The post-apocalyptic zombie world will go on even after Rick Grimes -- the character played by Andrew Lincoln -- exits this season, at the star's request. But since "The Walking Dead" stumbled through the past two seasons, season nine opens in prove-it-to-me mode, at least for those who see Rick's departure as a good time to consider closing the books on this AMC hit.
Happily, the latest producer to slide into the showrunner seat, Angela Kang, appears to have put the series on firmer footing -- rediscovering key relationships, developing some promising new ones and capitalizing on the core characters, while establishing what amounts to a running mystery. Perhaps foremost, the show moves from a war footing to the more interesting question of sustaining a community, and how to impose order in a lawless world without ceding the moral high ground.
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Without giving too much away, a chunk of time has elapsed since the bloody battle that decided the Negan war, and Rick's controversial act of mercy at its conclusion. Now, however, the various bands of survivors must find a way to maintain that harmony, even as some of its constituencies begin chafing at the process.
"We're making a new beginning -- getting back a piece of how we used to be," says Rick, seeking to honor those he's lost with a renewed sense of optimism. "Every life counts now," he later adds.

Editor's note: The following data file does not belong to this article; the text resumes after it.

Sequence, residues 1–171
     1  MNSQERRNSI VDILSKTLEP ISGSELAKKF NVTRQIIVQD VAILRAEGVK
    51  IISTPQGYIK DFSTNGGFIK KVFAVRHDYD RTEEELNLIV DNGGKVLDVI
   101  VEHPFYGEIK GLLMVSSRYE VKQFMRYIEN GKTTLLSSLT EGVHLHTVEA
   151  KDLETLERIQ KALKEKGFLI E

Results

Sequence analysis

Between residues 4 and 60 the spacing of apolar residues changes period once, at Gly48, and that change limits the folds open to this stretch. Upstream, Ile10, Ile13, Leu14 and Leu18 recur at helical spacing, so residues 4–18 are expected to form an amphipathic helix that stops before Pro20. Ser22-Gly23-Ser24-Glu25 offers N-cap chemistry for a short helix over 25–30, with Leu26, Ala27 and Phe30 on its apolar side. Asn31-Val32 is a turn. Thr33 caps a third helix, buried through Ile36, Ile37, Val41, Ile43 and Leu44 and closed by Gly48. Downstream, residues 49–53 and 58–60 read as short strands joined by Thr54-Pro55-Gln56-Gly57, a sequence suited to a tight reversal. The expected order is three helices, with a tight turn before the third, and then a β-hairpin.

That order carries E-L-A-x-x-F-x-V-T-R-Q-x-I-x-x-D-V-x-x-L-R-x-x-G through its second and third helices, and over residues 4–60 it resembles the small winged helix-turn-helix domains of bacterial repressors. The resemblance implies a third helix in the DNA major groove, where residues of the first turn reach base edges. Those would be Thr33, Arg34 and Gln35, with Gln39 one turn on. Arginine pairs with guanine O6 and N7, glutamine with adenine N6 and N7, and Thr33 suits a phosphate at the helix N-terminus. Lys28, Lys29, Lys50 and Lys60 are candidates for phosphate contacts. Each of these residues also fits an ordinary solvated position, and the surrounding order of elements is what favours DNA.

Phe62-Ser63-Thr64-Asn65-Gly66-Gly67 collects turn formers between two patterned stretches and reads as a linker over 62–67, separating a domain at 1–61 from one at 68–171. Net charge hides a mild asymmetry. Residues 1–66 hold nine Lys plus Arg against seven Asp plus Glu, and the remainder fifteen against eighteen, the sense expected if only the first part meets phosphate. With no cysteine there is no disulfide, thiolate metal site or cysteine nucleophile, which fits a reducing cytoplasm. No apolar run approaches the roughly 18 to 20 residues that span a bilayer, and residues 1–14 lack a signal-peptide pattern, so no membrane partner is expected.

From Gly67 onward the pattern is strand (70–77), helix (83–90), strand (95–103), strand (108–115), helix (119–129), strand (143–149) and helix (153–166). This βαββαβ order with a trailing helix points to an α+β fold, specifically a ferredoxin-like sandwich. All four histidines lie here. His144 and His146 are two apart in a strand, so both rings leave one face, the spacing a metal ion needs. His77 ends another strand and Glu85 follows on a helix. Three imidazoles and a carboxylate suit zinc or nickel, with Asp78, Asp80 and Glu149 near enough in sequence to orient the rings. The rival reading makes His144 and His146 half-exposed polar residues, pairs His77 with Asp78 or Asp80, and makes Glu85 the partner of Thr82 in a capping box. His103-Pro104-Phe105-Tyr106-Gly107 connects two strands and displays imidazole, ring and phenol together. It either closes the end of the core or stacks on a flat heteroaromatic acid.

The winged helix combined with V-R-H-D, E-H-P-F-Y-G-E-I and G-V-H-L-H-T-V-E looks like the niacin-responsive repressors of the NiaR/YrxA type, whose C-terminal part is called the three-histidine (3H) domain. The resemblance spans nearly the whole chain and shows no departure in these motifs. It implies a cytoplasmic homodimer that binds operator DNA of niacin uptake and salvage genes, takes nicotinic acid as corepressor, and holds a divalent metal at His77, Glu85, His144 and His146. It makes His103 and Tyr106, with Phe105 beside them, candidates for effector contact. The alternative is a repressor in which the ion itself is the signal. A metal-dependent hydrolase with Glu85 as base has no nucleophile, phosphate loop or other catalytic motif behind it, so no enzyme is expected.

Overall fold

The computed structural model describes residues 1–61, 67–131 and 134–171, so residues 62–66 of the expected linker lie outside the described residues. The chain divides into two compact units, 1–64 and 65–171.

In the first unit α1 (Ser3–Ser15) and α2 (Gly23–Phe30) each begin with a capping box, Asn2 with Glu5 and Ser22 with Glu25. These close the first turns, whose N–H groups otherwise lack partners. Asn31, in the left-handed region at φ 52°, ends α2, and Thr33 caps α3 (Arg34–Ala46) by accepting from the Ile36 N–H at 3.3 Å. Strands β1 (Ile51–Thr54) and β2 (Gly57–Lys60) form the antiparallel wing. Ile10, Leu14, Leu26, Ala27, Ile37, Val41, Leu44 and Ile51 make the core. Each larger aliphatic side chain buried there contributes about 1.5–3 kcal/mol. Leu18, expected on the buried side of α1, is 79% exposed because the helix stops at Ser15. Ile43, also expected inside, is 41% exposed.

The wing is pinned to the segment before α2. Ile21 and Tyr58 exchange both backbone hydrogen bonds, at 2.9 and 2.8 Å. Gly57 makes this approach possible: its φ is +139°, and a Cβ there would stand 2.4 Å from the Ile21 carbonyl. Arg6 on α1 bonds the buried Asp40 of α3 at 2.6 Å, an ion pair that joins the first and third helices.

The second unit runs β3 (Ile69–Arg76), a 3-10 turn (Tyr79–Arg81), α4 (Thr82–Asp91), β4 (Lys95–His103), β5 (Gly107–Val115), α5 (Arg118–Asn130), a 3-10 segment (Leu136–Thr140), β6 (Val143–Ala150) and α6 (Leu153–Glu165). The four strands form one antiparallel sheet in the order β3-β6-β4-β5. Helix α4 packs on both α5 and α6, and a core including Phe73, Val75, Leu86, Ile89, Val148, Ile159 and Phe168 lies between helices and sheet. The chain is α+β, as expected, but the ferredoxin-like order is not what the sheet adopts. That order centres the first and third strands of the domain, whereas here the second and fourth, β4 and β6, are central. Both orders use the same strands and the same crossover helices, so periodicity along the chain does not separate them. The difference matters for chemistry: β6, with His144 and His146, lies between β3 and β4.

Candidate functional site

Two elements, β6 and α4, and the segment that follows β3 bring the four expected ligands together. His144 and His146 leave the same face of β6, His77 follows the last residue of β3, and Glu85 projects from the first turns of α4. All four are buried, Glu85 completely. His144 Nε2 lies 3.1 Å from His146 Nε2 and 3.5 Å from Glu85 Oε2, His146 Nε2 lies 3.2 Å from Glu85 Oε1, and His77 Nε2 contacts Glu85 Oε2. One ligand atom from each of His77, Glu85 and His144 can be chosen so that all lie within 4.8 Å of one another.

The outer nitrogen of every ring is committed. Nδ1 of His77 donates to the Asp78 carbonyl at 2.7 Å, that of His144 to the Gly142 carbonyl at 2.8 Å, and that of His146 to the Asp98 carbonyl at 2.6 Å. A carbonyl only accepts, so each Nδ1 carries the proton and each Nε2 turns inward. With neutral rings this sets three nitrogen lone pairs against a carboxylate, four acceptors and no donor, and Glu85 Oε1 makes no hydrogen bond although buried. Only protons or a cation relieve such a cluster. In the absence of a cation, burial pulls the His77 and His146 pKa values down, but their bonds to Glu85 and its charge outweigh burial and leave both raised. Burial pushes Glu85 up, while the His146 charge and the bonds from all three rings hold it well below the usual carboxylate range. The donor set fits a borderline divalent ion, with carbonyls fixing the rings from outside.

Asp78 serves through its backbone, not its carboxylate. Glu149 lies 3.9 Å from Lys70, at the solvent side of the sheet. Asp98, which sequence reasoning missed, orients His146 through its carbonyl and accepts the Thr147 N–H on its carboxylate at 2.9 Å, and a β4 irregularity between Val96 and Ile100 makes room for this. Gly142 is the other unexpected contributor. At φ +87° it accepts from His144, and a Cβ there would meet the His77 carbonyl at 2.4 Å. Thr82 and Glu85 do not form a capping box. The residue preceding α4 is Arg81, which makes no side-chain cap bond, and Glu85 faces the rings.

Still, making peace with the Saviors hasn't sat well with everybody, creating friction with some old allies, including Maggie (Lauren Cohan) and Daryl (Norman Reedus). The first three episodes also incorporate a genuine moral dilemma, which has always been the show's primary strength: Here, finding the resolve to forgive your enemies, for the sake of a larger purpose.
AMC has leaned into the promotional benefits of Lincoln leaving -- the season is being heavily promoted as "Rick Grimes' Final Episodes" -- ratcheting up the pressure to craft a meaningful, satisfying sendoff.
The more formidable issue, however, is making the case that there's life after him -- hardly an academic exercise for an expensive show, whose ratings have slipped sharply from their heyday, about to lose its most tangible connection that remains to what set the whole story in motion.
In an interview with the Hollywood Reporter, Kang pointed to the benefits of Lincoln's departure, citing the "very rich" storylines that the shakeup creates for other players. "As our characters navigate 'a Rick-less world,' we get to see who they become in the aftermath of that," she said.
To its credit, these episodes do feel like the series is back on track, and it's true that change in any creative endeavor can help energize a long-running franchise, at least temporarily. That said, there's a nagging feeling that the whole enterprise has moved into a brand-management phase, including the wholesale makeover of spinoff "Fear the Walking Dead" and a host of licensing offshoots.
Even with this promising start, then, "The Walking Dead" still has several hurdles to clear before fully making the case that keeping a "Rick-less" show alive won't turn the series into the TV facsimile of its title.
"The Walking Dead" returns Oct. 7 at 9 p.m. on AMC.